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28th Jul 2017

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Jobbik MEP accused of working for Russia

The Prosecutor’s Office in Hungary has requested the European Parliament to waiver the immunity of far-right Hungarian MEP Bela Kovacs amid allegations he is working for Russia.

Hungarian daily Magyar Nemzet, which broke the story on Thursday (15 May), says the prosecutor’s office believes the Jobbik deputy spied on the EU institutions for Moscow.

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The newspaper also alleged that Kovacs' Russian-Austrian dual citizen wife is working for Russian counter-intelligence.

The daily says Kovacs has attracted the interest of the Hungarian intelligence services because he regulalry meets with Russian dipomats in a "conspiratorial manner", and visits Moscow every month.

"I was never a member of either Hungarian or any other foreign intelligence service, I have never worked with them and they have never approached me,” Kovacs said at a press conference on Thursday in Budapest.

He also denied that his wife has been working for the Russian services.

A source in the European Parliament said the "legal affairs committee will draw up a recommendation whether to lift or not the immunity of the MEP concerned and that will have to be approved by the plenary.”

“It won’t be until September before they will have a look at this,” the contact added.

Kovacs was one of several MEPs who observed the Crimea independence referendum in March. He declared the vote legitimate. Most Western governments and observers declared it illegitimate.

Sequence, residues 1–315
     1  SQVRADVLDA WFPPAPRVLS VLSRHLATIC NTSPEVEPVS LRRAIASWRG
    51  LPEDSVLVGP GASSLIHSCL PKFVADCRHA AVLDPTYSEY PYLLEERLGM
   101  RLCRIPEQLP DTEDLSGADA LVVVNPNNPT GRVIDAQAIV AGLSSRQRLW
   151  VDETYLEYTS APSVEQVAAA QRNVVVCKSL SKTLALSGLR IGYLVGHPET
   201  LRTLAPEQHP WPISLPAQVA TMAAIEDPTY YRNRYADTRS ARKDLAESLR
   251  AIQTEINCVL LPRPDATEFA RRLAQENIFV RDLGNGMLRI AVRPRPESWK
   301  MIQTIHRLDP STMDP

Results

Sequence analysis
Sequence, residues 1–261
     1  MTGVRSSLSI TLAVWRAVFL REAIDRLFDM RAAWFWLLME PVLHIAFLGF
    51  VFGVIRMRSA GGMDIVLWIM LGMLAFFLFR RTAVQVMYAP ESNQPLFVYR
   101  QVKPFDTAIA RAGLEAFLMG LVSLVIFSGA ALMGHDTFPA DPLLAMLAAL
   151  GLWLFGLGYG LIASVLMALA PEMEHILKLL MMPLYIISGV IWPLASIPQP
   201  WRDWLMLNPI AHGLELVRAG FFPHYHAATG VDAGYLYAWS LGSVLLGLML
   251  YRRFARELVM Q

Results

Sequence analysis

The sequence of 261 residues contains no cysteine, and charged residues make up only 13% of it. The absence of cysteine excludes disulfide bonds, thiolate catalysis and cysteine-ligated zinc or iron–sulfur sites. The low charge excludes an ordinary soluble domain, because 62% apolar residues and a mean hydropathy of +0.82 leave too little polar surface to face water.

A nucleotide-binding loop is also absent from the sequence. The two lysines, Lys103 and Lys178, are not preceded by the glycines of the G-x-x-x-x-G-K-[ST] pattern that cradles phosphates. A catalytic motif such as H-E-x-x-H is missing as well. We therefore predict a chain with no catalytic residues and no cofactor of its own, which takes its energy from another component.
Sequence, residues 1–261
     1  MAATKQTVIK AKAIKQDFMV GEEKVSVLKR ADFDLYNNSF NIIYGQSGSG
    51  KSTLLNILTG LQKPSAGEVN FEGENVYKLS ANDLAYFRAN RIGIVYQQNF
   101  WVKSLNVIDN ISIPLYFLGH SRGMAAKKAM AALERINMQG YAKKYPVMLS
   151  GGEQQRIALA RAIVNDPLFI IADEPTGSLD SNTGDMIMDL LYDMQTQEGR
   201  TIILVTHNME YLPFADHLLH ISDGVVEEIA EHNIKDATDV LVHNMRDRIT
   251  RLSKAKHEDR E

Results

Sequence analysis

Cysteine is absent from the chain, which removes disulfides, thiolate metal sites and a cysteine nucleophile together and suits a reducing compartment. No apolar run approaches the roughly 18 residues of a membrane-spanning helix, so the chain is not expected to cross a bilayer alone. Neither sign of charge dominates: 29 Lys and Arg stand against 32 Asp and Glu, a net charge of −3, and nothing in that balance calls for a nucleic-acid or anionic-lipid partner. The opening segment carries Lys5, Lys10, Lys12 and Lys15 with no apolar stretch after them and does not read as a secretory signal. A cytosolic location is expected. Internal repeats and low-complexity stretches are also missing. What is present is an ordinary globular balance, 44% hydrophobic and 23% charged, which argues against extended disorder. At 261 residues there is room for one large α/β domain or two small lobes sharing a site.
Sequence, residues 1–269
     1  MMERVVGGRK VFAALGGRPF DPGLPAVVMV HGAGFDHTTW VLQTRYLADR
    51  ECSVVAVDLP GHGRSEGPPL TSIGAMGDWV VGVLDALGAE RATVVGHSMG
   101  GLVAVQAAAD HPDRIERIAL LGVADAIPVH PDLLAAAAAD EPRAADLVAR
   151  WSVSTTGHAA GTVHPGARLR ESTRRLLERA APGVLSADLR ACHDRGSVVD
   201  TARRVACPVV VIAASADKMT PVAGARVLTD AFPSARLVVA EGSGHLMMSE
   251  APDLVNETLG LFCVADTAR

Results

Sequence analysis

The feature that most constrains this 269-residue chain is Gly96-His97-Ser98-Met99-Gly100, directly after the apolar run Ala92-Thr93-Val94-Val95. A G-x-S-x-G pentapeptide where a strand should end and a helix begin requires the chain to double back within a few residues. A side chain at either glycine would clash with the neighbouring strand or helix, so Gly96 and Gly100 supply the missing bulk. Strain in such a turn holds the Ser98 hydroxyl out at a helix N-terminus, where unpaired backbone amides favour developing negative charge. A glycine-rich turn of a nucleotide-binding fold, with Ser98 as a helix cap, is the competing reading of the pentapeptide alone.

An economist who made a fortune while working in Japan and Russia, Kovacs joined Jobbik in 2005 and formed the party's foreign affairs council, which he still chairs.

Media reports in Hungary suggest he is responsible for the early financing of Jobbik and its good relations with Russia.

At the press conference, Kovacs described the news as an engineered scandal aimed at breaking the campaign momentum of Jobbik.

The far-right party obtained 22 percent of the votes in a national election early April, and is set to become the second largest political party in the EU vote on 25 May. Kovacs is third on Jobbik’s list of EP candidates, which guarantees him a seat in the next assembly.

Jobbik has been making gains since they chose a campaign strategy geared toward the centre, partially trying to woo voters disappointed with the ruling Fidesz party.

Magyar Nemzet, the daily that broke the news, is seen as close to the Fidesz government. Meanwhile, Prime minister Viktor Orban is perceived in Europe as reluctant to criticise Russian actions in Ukraine.

This is the second MEP embroiled in allegations concerning Russia.

Tatjana Zdanoka from the Latvian Russian Alliance, who also observed the Crimea referendum, is under investigation by her country’s security authorities.

She is accused of being a Russian agent of influence in Latvia and in the EU assembly - an allegation she denies.

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